Are Phones and Social Media Affecting Mental Health in Adolescents Today?


Joanna Amaya and Taha Nasir use social media to connect with friends

Stella Johnson, Writer

According to “The New York Times,” anxiety rates in adolescents are increasing rapidly, and researchers are linking that anxiety to smartphones and social media.

According to “The Times,” social media has become a platform where young people feel a false responsibility to live up to unrealistic expectations online.

“With social media, you are now constantly on display,” said Mrs. Dixon, a parent as well as a teacher of Independent Research and Intern Mentor at Wilde Lake. “Everything you do, say, or make can be recorded with or without your knowledge online, and it’s become a culture of excruciating criticism. Teens aren’t nice to each other.” 

Mei Zheng, a senior, has recognized this growing addiction to our phones. “If I do not have my phone, I am constantly thinking, what if someone texts me or calls me? What if there’s an emergency? We depend on our phones for everything,” said Zheng.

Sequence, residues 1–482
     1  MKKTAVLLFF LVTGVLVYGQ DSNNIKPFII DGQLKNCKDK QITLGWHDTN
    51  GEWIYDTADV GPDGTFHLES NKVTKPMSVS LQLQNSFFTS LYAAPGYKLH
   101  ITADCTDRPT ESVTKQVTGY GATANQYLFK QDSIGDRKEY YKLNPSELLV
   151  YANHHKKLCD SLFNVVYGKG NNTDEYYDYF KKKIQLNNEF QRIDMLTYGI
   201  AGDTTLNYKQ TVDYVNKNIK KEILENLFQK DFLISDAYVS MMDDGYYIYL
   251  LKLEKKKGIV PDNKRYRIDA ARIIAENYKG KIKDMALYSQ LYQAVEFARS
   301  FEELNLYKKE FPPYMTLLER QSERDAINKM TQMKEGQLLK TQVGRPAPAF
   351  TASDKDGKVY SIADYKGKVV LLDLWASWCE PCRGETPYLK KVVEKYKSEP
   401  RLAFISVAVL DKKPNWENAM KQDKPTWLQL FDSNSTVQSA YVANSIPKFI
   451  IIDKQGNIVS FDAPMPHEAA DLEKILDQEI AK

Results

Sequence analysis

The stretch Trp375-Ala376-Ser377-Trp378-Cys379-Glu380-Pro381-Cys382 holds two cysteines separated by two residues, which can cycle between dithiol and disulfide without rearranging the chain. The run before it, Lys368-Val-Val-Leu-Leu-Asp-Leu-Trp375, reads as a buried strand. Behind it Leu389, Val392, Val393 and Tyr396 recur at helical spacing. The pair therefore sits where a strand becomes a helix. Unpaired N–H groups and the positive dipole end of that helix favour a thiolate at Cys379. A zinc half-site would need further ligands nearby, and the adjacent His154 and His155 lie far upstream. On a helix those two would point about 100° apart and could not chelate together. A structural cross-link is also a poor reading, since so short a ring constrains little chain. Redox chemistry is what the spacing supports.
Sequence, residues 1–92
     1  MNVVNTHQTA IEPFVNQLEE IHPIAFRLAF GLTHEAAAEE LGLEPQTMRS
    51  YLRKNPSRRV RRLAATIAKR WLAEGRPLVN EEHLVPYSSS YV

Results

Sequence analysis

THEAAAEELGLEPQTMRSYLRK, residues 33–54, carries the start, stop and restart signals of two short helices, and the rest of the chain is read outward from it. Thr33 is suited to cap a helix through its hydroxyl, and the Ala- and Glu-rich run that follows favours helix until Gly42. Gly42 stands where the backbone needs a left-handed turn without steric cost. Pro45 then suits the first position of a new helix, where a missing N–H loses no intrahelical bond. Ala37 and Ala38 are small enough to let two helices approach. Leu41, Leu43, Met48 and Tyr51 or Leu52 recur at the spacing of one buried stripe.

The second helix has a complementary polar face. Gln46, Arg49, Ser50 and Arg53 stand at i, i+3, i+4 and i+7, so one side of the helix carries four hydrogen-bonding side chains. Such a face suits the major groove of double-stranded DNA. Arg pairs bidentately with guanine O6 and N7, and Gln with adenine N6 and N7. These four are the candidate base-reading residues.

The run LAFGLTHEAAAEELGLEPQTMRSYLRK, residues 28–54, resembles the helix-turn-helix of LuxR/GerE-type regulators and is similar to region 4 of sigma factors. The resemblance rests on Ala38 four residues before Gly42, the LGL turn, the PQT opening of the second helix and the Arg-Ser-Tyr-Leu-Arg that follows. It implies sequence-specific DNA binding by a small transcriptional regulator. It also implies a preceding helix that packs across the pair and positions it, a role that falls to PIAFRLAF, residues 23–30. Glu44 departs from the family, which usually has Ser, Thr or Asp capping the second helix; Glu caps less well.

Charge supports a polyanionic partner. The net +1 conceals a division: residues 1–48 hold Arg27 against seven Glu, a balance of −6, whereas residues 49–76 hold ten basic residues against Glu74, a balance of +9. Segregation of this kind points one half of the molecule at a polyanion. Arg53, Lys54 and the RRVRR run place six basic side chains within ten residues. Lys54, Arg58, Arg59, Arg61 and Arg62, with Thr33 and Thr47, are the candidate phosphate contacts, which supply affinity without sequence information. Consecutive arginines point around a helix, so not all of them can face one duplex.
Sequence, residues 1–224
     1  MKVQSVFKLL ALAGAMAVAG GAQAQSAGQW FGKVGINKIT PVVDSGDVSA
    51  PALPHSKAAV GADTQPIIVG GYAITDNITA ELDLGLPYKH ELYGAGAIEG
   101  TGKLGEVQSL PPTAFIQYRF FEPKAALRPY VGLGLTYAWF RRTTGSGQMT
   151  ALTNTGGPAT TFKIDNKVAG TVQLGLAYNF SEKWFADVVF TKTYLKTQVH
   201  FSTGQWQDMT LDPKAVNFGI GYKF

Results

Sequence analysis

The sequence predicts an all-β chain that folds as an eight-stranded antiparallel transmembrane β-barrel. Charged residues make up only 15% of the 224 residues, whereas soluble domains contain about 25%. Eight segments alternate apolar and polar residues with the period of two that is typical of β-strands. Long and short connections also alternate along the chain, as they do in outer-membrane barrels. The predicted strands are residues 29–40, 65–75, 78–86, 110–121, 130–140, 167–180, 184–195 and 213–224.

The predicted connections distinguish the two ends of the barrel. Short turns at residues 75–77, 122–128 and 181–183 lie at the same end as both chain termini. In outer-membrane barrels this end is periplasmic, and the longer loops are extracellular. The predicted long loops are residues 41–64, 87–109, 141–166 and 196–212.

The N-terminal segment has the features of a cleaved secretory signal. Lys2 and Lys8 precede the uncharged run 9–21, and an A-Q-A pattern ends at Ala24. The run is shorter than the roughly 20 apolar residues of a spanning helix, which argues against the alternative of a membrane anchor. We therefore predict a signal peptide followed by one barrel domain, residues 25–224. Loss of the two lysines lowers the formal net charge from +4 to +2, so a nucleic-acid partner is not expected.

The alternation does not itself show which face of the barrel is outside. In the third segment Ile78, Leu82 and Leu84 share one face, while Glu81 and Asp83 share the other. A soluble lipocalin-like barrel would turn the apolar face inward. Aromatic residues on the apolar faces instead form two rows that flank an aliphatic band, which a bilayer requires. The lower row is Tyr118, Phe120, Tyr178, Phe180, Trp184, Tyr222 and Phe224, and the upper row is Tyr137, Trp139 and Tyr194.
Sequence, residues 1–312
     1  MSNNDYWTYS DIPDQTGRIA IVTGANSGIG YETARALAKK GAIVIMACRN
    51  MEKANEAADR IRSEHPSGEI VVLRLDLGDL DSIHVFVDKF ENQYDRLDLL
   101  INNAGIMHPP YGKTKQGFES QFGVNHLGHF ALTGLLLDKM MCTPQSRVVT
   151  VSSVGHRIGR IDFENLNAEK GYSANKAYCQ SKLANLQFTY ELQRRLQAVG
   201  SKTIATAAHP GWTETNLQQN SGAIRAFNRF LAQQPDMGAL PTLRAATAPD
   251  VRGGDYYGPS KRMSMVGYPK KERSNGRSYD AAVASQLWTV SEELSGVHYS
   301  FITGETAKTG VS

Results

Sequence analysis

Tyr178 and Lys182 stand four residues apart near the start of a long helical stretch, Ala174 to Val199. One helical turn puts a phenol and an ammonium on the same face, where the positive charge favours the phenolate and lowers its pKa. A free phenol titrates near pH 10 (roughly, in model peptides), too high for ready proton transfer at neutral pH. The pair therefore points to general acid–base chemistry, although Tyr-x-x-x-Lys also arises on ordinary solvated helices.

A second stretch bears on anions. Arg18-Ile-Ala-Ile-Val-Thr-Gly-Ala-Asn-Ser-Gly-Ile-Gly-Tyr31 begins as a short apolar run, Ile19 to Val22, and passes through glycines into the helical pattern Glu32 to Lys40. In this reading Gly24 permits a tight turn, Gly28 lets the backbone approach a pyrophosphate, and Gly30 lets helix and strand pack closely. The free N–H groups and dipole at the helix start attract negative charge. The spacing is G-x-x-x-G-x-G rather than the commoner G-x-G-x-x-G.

Today, anxiety has become the top mental health concern in the United States, and it has largely surpassed depression as an issue for which young people, especially adolescents, seek out help, according to “The Times.” In addition, rates of attempted suicide in youth have doubled in the past decade.

As much as we love our phones and social media, the negative effects are becoming hard for students to ignore.

I think my phone causes me to feel stressed and anxious,” said sophomore Rachel Van Osdel, “because social media puts pressure on us to be something we’re not.”

According to “The Times,” many schools in the United States are creating special programs for students who face extreme anxiety that interferes with their school attendance and academic performance.

Junior Hanna Lin believes that “at the end of the day, it depends on how use your phone. It’s not the phone that creates the anxiety, but using it in an unhealthy way can contribute.”

According to Junior Joanna Amaya cell phones offer a positive benefit: they allow her to communicate with friends and family. However, She recognizes that teenagers are always on social media and that you have to “be liked by everyone.”

“I would tell people who are always on their phones,” said Amaya “that if something is stressing them out, that they should put their phone down. It’s not that important.”